Harley Weir’s “Function” Examines the Difference Between Sex and Being Sexy

Weir’s newest project traverses the body and its oddities, from its inherent sensuality to its biological logistics.

There’s something inimitable about Harley Weir’s photographs, which exude a sense of romance that’s at once nostalgic yet direct. With a portfolio including everyone from i-D to AnOther, Balenciaga to Calvin Klein, Weir is practically a household name (if you only cohabit with the fashion forward). And while she captures a diverse range of subjects, it’s faces that dominate Weir’s imagery — Rihanna, M.I.A., Chloe Sevigny and Adwoah Aboah are among the visages celebrated in Weir’s intimate, light-infused portraits. Moving Southwards from the heads that comprise her portraiture, Weir’s newest project, “Function”, traverses the body and its oddities, from its inherent sensuality to its biological logistics.

Conceived for the fifth edition of Baron magazine, Weir’s “Function” lives up to its title in more ways than one. The curated volume — which draws on text and found imagery alongside Weir’s never-before-published photographs — questions the multiple purposes of the body, and how they’re manifested. In keeping with Weir’s preoccupation with the erotic, the images bring the biological and social into opposition, as they consider sex in the sense of a reproductive function, an intrinsic desire and a social phenomenon.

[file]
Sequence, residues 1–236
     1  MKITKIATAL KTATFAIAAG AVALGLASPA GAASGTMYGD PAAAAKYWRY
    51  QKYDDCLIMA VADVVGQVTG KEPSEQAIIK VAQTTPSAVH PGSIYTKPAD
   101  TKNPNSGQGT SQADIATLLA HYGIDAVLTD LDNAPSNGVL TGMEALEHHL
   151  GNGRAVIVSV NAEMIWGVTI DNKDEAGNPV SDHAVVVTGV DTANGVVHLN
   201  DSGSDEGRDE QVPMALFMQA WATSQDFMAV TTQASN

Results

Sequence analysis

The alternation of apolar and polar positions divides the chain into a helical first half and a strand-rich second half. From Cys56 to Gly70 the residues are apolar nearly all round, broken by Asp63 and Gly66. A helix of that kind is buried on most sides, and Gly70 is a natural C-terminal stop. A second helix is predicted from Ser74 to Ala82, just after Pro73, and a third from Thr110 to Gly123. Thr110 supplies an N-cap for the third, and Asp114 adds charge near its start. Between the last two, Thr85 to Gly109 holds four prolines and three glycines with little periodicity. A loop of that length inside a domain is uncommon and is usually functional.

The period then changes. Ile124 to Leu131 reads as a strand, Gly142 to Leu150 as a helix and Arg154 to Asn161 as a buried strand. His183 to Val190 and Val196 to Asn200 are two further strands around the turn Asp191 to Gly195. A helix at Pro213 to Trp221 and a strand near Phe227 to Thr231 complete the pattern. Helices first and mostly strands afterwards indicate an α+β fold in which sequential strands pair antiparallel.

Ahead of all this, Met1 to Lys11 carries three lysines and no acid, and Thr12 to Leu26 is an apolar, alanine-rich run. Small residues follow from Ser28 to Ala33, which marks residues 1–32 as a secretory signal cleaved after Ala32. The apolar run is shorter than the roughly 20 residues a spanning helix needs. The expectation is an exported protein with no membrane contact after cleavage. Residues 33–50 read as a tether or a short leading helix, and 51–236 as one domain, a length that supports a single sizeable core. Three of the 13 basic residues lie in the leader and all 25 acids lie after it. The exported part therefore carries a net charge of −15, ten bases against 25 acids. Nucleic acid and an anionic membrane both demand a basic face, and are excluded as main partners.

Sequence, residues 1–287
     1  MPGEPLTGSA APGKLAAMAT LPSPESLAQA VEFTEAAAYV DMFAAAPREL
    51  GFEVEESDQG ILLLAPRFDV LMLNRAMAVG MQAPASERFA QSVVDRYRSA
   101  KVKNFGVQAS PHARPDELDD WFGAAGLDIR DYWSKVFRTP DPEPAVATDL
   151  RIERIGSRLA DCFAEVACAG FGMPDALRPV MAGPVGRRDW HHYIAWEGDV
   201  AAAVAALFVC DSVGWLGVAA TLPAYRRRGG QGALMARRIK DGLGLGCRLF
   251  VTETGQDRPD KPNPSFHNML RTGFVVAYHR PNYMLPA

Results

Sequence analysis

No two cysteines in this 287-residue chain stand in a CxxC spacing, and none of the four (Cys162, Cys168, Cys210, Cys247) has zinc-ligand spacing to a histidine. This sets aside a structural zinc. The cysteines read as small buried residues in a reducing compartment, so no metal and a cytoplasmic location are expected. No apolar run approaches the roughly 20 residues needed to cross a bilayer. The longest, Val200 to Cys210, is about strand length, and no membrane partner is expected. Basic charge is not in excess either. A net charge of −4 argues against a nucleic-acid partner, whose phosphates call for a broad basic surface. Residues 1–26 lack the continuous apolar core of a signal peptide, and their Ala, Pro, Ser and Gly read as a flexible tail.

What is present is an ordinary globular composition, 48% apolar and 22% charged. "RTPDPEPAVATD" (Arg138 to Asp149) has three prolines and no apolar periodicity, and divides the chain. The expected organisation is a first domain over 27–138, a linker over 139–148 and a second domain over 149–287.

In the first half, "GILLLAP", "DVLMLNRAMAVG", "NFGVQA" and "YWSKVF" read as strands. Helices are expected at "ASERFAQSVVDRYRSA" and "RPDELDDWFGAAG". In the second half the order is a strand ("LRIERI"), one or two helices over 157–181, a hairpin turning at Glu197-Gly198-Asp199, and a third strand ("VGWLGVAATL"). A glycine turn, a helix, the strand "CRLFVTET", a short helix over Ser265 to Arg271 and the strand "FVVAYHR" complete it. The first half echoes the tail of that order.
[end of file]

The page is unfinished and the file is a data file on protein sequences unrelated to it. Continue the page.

It’s true that this is not Weir’s first departure from editorial photography. Her book published by Loose Joints last year, “Paintings”, was a three-year surface study devoid of the living subjects that had previously characterised her work, and explored photography as a process of immediacy. But “Function” is different still, characterised not by its style, but by theme. In amongst its 152 pages, Weir documents a live natural birth, and reconceives the image of Madonna and Child with models Lily Newmark and Jess Maybury. The ever-controversial female nipple (which apparently still isn’t free) is revisited as a site both for nurture and provocation, while the notion of what it means to be “sexy” is confronted through still-lifes which question the body’s commodification. At its core, “Function” allows us to re-examine how we think about our own bodies and sexualities — and those of others, too.

Baron No.5, “Function” by Harley Weir, is available to pre-order now. It’s limited to 1000 copies, so act fast!

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